Pressure is mounting on holdout countries including Australia to waive patent protections of Covid vaccines to help fast track production of the jabs for developing countries.
It comes after the Biden administration’s blockbuster move to support an easing of patent and other protections on the vaccines, which many hope will help poorer countries tackle the pandemic sooner.
The move to support waiving intellectual property protections under World Trade Organisation rules marked a dramatic shift for the US, which had previously lined up with many other developed nations opposed to the idea floated by India and South Africa.
Andrew Stroehlein, from the European arm of Human Rights Watch has for months shared a world map showing the countries opposed to the idea.
Ahead of Biden's shock announcement, Australia was among those who ostensibly opposed the idea.
And that represents a major hurdle, as any decision at the WTO, a Geneva-based trade body, has to be by consensus — meaning that any single country could hold up any waiver.
Greens spokeswoman for international aid, Mehreen Faruqi, called on Australia to follow suit on Thursday.
"We are one of the hold-outs and it’s morally indefensible," she tweeted.
Rich countries implored to join US move
Among the holdouts is the European Union. The EU Commission president, Ursula von der Leyen, said the 27-nation bloc was ready to talk about the US proposal — but cagily remained noncommittal for now.
“We are ready to discuss how the US proposal for waiver on intellectual property protection for Covid vaccines could help end the crisis," she said in a video address.
“In the short run, however, we call upon all vaccine producing countries to allow exports and to avoid measures that disrupt supply chains.”
That echoed the position of the global pharmaceutical industry, which insists a faster solution would be for rich countries that have vaccine stockpiles to start sharing them with poorer ones.
Morrison welcomes US announcement
In the wake of the US announcement, New Zealand indicated the country would follow suit.
Australia's position was ostensibly opposed to waiving patent protections and the government has been accused of delaying the global push to do so.
However in the wake of the US announcement, Australia's position became less clear.
In a statement to The Guardian on Thursday, Australian Trade Minister Dan Tehan stopped short of joining the US but welcomed the move.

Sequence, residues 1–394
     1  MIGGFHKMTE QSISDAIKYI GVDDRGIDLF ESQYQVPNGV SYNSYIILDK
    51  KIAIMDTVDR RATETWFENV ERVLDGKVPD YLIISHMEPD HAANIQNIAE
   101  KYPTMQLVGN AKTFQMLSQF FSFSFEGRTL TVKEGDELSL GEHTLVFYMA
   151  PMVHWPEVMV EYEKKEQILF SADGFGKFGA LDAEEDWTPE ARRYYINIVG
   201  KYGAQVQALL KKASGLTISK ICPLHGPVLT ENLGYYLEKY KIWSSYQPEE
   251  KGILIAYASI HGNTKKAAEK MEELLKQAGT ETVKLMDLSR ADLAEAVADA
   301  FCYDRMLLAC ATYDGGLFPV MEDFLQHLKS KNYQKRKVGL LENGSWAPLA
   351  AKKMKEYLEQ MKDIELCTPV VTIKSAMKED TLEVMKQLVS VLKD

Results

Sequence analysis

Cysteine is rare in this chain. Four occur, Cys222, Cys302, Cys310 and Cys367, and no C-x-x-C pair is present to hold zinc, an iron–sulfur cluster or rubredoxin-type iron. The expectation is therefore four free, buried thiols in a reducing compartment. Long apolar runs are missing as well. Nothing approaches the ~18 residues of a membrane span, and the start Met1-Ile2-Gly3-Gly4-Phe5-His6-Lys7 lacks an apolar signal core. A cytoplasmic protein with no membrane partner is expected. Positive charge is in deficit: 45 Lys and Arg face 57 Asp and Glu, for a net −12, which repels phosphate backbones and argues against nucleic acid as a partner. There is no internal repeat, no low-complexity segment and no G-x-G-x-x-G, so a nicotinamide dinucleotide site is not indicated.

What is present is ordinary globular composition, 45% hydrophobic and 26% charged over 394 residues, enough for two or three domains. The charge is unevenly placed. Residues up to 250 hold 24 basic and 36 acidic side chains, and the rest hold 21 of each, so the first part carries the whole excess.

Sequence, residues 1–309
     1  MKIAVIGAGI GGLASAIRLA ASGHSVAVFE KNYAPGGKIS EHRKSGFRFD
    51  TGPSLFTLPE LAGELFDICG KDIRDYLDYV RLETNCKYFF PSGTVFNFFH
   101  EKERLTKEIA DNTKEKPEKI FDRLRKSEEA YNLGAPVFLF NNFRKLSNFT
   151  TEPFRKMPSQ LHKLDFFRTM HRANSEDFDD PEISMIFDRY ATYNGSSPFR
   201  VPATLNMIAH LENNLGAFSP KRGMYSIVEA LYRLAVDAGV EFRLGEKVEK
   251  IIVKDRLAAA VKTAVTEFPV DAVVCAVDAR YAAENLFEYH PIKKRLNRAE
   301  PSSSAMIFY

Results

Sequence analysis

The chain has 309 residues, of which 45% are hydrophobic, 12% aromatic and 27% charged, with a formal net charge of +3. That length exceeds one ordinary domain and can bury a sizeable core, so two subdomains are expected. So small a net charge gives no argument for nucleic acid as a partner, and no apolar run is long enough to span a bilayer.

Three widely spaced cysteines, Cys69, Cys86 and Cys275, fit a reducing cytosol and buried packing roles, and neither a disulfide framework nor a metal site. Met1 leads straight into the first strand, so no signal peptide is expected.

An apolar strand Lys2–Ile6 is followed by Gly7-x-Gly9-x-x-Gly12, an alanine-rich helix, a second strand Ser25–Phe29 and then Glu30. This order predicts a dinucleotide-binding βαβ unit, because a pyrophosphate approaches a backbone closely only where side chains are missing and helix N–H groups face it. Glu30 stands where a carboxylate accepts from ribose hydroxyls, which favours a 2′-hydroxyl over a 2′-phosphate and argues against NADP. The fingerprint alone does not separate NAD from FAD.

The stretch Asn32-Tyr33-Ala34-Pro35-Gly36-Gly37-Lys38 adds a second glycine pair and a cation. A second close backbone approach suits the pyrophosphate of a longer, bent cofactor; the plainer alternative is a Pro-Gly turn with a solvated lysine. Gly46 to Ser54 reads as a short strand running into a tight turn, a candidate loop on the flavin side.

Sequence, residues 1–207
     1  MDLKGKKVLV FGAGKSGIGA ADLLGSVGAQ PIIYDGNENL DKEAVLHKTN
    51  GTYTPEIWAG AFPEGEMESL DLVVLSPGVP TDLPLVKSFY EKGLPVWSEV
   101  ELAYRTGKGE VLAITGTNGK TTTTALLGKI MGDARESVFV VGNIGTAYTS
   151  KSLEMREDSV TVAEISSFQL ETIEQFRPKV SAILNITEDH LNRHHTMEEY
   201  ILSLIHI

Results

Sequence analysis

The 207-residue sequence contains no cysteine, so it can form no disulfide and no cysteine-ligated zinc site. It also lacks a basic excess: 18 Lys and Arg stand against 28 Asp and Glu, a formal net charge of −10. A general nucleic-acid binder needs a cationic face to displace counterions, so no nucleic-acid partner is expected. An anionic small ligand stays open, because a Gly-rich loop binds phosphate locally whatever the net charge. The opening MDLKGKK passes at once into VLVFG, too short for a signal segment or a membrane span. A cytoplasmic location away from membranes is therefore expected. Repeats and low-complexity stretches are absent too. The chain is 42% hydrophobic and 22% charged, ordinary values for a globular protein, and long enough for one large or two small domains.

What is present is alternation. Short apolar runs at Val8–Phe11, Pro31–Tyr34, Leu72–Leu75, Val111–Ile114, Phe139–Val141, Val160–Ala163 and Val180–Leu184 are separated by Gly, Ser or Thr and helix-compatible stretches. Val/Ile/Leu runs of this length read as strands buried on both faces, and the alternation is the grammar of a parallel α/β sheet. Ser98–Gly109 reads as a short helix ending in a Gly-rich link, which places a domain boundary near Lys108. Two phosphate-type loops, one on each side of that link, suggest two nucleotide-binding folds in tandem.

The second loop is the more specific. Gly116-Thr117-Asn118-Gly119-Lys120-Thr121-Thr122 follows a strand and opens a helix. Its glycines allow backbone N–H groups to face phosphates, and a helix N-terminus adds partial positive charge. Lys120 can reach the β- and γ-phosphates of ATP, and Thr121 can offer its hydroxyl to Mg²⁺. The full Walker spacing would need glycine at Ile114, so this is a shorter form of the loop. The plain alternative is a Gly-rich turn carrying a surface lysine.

“We welcome this positive development and look forward to working with the US and others to find solutions that boost the global rollout of Covid-19 vaccines," he said.
When asked on Thursday, Prime Minister Scott Morrison called it "tremendous news" but also did not articulate definitive support for the position.
Pharmaceutical industry pushes back: 'The wrong answer'
The industry, meanwhile, insists that production of coronavirus vaccines is complicated and can’t be ramped up by easing intellectual property protections. Instead, it insists that reducing bottlenecks in supply chains and a scarcity of ingredients that go into vaccines are the more pressing issues for now.
“A waiver is the simple but the wrong answer to what is a complex problem,” said the International Federation of Pharmaceutical Manufacturers and Associations.
“Waiving patents of COVID-19 vaccines will not increase production nor provide practical solutions needed to battle this global health crisis.”
The industry also says an IP waiver will do more harm than good in the long run by reducing the incentives that push innovators to make tremendous leaps, as they did with the vaccines that have been churned out in a blistering, unprecedented speed to help fight Covid-19.
But civil society, progressive groups and international institutions were euphoric about the Biden administration’s new stance.
“A waiver of patents for #COVID19 vaccines & medicines could change the game for Africa, unlocking millions more vaccine doses & saving countless lives. We commend the leadership shown by South Africa, India & the United States, & urge others to back them,” WHO Africa chief Matshidiso Moeti tweeted.
Doctors Without Borders, an advocacy group also known as Medecins Sans Frontieres that sends health workers to countries in need, said many low-income countries where it operates have only received 0.3% of the global supply of coronavirus vaccines.
“MSF applauds the US government’s bold decision to support the waiving of intellectual property on COVID-19 vaccines during this time of unprecedented global need,” said Avril Benoît, executive director of MSF-USA.
She said any waiver should apply not just to vaccines, but other medical tools for Covid-19, including treatments for infected people and testing systems.
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